Henry Cheeseman of Los Angeles knew there was no way to avoid middle age. Nervously approaching 40, Cheeseman, a business professor at the University of Southern California, decided it was time for a radical change. He would seek a degree in banking law--from Boston University School of Law. Well, on Sunday and 160,000 miles of commuting later, Cheeseman graduated, adding yet another degree to the five he already has. "I was heading for 40, and I had seen a number of my professor friends who turned 40. They were depressed and stressed," he said. As to the rigors of the nine-month, Monday-through-Thursday trek, Cheeseman said: "I just took it week by week." He also continued to teach at USC on Fridays.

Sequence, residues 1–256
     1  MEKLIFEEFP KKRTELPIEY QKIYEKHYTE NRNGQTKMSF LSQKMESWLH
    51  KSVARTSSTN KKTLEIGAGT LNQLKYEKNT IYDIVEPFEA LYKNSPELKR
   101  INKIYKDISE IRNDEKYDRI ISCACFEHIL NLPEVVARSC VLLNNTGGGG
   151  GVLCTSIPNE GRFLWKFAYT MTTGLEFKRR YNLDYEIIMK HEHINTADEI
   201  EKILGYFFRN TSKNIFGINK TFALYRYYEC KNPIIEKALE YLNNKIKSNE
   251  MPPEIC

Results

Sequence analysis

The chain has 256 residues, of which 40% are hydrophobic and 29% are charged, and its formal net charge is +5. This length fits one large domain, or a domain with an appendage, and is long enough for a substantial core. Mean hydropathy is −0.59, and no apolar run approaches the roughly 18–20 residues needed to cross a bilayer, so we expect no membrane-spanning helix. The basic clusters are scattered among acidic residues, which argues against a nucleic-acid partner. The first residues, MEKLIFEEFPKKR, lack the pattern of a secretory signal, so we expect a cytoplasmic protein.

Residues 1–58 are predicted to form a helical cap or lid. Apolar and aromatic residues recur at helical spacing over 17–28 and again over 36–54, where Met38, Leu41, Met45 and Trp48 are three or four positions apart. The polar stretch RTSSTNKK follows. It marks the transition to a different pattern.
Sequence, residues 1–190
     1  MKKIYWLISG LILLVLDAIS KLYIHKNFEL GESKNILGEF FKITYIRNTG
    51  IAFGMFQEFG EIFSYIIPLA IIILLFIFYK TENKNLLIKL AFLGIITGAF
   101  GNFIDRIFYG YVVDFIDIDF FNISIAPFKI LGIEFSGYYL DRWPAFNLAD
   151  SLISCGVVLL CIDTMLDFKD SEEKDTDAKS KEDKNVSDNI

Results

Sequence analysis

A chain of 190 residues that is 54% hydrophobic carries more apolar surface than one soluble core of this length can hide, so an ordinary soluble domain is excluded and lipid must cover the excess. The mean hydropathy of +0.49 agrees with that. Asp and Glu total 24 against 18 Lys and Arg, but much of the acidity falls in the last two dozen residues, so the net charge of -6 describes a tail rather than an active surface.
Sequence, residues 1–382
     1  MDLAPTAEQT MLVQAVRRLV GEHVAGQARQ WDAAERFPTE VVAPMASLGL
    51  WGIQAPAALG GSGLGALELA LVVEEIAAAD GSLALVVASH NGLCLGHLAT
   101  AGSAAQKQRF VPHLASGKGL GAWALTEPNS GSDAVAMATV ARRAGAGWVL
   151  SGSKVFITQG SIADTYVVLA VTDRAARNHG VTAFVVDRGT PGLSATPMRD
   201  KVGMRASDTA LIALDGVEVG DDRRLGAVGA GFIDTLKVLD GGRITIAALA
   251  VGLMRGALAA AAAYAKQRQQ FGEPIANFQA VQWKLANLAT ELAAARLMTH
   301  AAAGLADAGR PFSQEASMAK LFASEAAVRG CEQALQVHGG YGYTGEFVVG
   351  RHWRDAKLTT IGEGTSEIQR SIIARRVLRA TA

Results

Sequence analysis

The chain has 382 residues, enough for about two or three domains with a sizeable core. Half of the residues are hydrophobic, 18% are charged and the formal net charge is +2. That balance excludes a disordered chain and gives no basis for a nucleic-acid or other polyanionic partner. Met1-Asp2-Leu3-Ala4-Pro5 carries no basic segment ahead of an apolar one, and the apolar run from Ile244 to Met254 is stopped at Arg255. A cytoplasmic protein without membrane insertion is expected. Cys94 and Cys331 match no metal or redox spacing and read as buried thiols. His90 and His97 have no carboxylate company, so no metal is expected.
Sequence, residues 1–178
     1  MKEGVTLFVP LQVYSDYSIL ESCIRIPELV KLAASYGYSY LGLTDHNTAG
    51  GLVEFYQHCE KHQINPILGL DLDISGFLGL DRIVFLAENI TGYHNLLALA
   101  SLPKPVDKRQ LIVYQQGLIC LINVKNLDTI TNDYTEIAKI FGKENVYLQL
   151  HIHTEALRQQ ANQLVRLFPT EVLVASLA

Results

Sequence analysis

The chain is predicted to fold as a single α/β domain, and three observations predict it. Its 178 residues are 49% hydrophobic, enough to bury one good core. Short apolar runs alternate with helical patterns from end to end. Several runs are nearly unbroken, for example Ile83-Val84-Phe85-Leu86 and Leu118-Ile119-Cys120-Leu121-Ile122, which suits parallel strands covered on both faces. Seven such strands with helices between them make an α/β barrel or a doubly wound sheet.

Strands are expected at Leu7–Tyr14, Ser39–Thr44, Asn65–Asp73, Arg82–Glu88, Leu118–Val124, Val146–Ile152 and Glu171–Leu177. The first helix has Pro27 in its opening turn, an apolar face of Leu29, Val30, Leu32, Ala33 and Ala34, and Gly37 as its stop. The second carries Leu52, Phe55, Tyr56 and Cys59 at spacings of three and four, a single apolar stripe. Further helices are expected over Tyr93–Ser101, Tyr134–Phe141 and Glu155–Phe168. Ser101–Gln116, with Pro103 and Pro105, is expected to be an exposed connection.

--A World Series in May? Sounds downright un-American. But not if you happen to be a bird fancier with a yen for robins and gallinules and screech owls and pine warblers. Twenty-seven teams, including "The B-Team" from Great Britain, took part in the World Series of Birding in New Jersey, a race to spot and identify the most species of birds from midnight Friday to midnight Saturday. The winners, the Bushnell Optics-Chapman Club from Easton, Pa., collected the Stone-Urner Cup for spotting 205 species, one more than the 1984 record. The B-Team, which got caught in a traffic jam, tied for fifth place. "The out-of-town teams are getting better," said Pete Dunne, a member of the third-place Zeiss Optical team.